PARKER: And across the pond, activists and politicians from the Republic of Ireland and Northern Ireland have been leading the way in calling for a cease-fire in Gaza. In January of 2024, there was a march in Dublin. One of the speakers was none other than Bernadette Devlin.


DEVLIN: My generation knows what oppression was like. We know what it was like...


DEVLIN: ...For a whole community to be defined as guilty.

PARKER: Now in her 70s, Bernadette is still fighting the good fight.


DEVLIN: Nothing that compares with what the people of Gaza have to endure. But the generations before us on this side of the border know what it was like to be an oppressed nation.

DEMBY: So I remember last fall there was this Israeli minister who said that Palestinians should, quote, "go to Ireland or the deserts." And at the time, I was like, OK, he's just pulling some random country out of his a** - right? - like the way Bugs Bunny tells people to go to Timbuktu. And then I learned about this longer shared history between the Irish and the Palestinians because both of them were colonies of the same British Empire.

There's this dude, Lord Arthur Balfour, who was the prime minister of the U.K. He was the foreign secretary of the U.K. at different points in his career. But he was nicknamed Bloody Balfour for how violently he oppressed the Irish and their calls for freedom. And Balfour is also the namesake of the Balfour Declaration, which paved the way for the state of Israel and Palestine.

So you fast-forward all these decades later, and maybe it's unsurprising that Ireland was the first European Union member to call for the creation of a Palestinian state. That was way back in 1980. It was one of the first countries in the EU to demand a cease-fire in Gaza last fall. And Ireland is set to join South Africa's genocide case against Israel in the World Court.


PARKER: You know, I think about this journey we've been on, learning about the history of the solidarity, and it's about so much more than finding it super interesting. I mean, frankly, Gene, this story gives me hope.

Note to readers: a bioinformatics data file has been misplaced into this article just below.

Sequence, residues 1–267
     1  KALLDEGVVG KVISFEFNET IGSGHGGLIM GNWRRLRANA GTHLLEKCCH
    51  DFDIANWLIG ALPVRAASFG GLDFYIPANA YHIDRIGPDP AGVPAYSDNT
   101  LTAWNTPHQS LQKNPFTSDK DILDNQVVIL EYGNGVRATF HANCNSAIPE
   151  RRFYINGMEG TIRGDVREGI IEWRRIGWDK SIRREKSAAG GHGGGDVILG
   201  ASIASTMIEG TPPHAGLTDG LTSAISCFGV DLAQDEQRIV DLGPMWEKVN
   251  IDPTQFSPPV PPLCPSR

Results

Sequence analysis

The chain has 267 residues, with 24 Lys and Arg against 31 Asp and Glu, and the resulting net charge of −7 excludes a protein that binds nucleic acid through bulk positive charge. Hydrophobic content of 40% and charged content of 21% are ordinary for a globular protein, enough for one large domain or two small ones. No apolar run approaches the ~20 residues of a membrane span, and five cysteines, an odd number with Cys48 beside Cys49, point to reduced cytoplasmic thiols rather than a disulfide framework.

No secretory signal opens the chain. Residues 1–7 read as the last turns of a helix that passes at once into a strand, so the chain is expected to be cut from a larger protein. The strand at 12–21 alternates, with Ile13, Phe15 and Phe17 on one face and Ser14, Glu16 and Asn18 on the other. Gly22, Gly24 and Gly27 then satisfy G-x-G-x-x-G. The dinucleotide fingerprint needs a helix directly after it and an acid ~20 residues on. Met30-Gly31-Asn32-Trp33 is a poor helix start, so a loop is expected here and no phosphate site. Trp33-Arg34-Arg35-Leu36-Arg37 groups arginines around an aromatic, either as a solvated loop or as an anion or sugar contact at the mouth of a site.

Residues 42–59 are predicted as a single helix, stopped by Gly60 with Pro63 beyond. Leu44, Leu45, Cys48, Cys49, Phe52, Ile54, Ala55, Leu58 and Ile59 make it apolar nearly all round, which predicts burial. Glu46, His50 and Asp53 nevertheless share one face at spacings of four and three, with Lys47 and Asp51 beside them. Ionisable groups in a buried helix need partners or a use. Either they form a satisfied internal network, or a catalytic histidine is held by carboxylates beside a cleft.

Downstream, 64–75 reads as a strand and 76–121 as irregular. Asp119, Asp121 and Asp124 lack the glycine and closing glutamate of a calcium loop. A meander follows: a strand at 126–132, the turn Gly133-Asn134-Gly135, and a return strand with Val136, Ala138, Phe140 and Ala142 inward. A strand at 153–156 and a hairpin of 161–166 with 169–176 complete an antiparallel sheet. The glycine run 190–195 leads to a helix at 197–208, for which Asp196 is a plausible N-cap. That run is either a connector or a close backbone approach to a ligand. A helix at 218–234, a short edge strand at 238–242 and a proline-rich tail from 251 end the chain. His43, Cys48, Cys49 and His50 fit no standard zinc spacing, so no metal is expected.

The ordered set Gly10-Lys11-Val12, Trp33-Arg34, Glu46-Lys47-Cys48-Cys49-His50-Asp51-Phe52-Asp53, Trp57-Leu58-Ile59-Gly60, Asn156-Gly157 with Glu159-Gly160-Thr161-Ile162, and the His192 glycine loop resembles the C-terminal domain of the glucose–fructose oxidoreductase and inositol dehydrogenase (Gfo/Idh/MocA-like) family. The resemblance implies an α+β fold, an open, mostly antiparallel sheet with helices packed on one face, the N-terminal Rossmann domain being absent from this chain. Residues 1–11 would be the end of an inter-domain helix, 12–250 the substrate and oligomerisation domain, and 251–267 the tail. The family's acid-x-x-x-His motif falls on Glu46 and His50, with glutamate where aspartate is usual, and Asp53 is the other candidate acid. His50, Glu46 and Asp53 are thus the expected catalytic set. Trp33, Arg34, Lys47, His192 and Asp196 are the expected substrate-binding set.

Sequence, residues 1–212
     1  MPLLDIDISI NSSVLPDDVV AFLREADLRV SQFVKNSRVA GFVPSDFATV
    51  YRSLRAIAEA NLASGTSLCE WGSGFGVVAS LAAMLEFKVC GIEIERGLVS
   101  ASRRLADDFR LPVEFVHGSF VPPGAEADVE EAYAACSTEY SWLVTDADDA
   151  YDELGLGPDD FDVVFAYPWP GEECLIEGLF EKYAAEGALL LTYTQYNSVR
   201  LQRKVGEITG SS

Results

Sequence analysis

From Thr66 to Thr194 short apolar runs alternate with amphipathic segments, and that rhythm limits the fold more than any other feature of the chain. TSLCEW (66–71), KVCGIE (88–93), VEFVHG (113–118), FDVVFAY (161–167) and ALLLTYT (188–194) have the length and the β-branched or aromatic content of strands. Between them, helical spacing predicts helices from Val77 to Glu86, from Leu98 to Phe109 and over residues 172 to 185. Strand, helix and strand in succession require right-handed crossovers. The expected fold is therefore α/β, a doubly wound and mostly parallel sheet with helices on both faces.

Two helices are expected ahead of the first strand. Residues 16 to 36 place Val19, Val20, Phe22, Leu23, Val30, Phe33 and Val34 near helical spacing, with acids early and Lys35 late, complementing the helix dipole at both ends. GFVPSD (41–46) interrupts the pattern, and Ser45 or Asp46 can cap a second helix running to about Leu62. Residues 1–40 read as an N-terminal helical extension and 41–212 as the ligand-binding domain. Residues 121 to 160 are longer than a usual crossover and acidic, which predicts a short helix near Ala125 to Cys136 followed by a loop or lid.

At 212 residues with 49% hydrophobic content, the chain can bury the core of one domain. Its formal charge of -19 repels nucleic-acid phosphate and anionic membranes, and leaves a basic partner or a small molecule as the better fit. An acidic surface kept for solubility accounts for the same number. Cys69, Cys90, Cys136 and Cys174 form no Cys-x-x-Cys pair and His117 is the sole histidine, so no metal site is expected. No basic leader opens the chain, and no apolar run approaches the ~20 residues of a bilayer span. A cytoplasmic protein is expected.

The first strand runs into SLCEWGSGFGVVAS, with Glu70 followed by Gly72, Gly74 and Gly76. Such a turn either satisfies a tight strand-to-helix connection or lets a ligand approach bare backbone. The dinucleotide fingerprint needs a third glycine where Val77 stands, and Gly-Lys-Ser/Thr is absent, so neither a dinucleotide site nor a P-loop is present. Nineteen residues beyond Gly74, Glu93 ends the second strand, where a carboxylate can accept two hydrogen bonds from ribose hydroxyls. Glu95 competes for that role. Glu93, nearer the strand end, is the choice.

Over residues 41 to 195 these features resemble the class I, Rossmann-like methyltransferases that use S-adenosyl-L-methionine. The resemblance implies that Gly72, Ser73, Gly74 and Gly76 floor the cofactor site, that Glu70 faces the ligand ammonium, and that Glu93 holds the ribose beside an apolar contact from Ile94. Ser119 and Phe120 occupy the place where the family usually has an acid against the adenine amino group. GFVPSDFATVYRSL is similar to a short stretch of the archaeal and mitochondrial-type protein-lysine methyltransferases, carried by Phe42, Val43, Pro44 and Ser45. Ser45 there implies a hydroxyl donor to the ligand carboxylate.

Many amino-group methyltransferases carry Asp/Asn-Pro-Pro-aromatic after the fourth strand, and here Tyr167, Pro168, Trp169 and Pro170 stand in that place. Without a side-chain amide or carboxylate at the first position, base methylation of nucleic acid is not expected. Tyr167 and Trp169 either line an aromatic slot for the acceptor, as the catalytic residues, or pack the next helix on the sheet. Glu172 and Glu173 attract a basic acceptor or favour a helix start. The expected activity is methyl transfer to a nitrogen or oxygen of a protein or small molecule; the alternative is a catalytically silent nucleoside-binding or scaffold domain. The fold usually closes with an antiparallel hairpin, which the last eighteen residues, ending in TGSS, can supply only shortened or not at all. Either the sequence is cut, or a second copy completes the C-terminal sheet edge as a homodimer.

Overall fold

DEMBY: Can you say more about that?

PARKER: Well, it's shown me what looking out for one another can actually look like. It can look like supporting abolition. It can look like providing aid. It can look like advocating for people who can't speak for themselves at the moment. It can look like literally liberating the oppressed.

DEMBY: Yeah, it kind of makes me think of that Audre Lorde quote we talked about earlier and, you know, the false trap of a singular struggle. Any opportunity we have to underline that point is the opportunity we should take. And also, to the extent that it's a singular struggle, it's because of the British Empire.


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DEMBY: And another way to support our work here is to sign up for CODE SWITCH+. It's small, but it makes a real big difference for us. And you'll get to listen to every CODE SWITCH episode without any ads. You can check it out at plus.npr.org/codeswitch. And thanks to everyone who already signed up.

PARKER: This episode was produced by Jess Kung. It was edited by Dalia Mortada. And a big shout-out to the rest of the CODE SWITCH massive - Christina Cala, Xavier Lopez, Leah Donnella, Veralyn Williams and Lori Lizarraga. And special thanks to our Frederick Douglass, Sayit Tejan-Thomas (ph).


PARKER: I'm B.A. Parker.

DEMBY: I'm Gene Demby.

PARKER: Hydrate.

DEMBY: Be easy.